10. I wouldn’t get a new laptop- too much chance of it being broken or stolen. Get a used system that is a few years old. As long as the primary purpose ISN’T playing games they won’t see any real difference in performance with Office or browsing the web. Just be ready to buy a new battery- laptop batteries don’t tend to last very long.

    I wouldn’t be surprised if you couldn’t get a reasonable system for less than $200 but I haven’t priced once recently.

    -Rick Francis

  11. Programs
    Office is great because that is what the rest of the world uses and you can get a discount since it is for your son a student.

    Open office is a great free program compariable to microsoft office.

    Dell is a great company and with anycompany if you want and good warranty you’ll have to pay for it.

    acer and asus are both good laptops and you can find these at stores like amazon and newegg.com.

    EEE machines are smaller, a little slower, and have less memory than a regular laptop. In other words if he wants to put lots of music on his computer a regular laptop could be better. of course you could also just get an external hard drive for extra storage as well.

  12. Craigslist has provided some great deals (50% off retail price), if you are willing to buy a custom computer.

    Another good choice are Linux-based computers. Because most computers use Microsoft or Mac operating systems, there is a “proprietary tax” of about $1000 passed on to the consumer. This is not the case for Linux-based computers. Linux distros have come a long way, and new users are finding it more user-friendly than Vista. Check-out DistroWatch.com for one-stop comparison on Linux distros and latest reviews…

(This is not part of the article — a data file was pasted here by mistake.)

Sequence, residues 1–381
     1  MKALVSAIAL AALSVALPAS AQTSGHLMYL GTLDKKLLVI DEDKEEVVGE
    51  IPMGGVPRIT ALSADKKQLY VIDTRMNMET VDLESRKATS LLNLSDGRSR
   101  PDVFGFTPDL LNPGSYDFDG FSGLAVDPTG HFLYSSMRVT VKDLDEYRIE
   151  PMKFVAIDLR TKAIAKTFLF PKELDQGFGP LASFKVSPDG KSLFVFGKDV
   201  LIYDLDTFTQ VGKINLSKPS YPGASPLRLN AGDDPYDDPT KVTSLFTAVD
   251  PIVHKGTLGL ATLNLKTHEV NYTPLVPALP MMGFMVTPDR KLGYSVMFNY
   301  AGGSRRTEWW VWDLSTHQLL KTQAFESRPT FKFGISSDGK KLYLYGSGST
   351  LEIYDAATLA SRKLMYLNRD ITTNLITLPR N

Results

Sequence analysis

If you decide to go this way, I strongly recommend installing the latest Linux Mint. It already comes with all the proprietary software and it has been frequently called “What Ubuntu should have been…” (UBUNTU is considered the best distro by far… serves as base to Linux Mint)

    The Asus Eee is a great computer, but it’s bare-bones hardware will make it necessary to upgrade within a few years. Recommend the Dell Mini 9, instead.

    Also, there’s Zombu that makes desktops a-la-MacMini and sells them for $99, without the monitor.

    Walmart is also selling Linux-based PC’s for $200 under the Everex brand.

  13. Check out TigerDirect.com and Frys.com for some deals on refurbished computers (you will get a 90-day warranty and they will slash 20-30% off the price) so you can get a very good computer for ~$200-300. These are good name brands too like hp, acer, gateway, and lenovo. laptop deals can be had as well…there are netbooks (ultra-small laptops with 8-10″ screens and tiny hard drives and processors) for $200-300 as well which are fine for internet and basic word processing (not games or graphics).

  14. Since this is being bought for her son going into high school, does the high school itself have any requirements? A lot of schools now are handing programs to their students to do assignments with.

    Really, I think that a lot of suggestions are starting backwards, you need to know what the computers job is first before you can buy it. Will he just be using it as a word processor and internet cruiser, or will he be using it for more intensive work? Is this computer something that he may start out college with in a few years?

    Saying he’s a 14 year old needing a computer for school just isn’t all that much to go on.

  15. im also 14 and i plan on getting a studio 14 from dell i think that getting windows is very important because most major businesses use it. i think he should get a reasonable computer not to fancy but it cant be crappy also it dosn’t need to be gameing he can jack up an old desktop for that.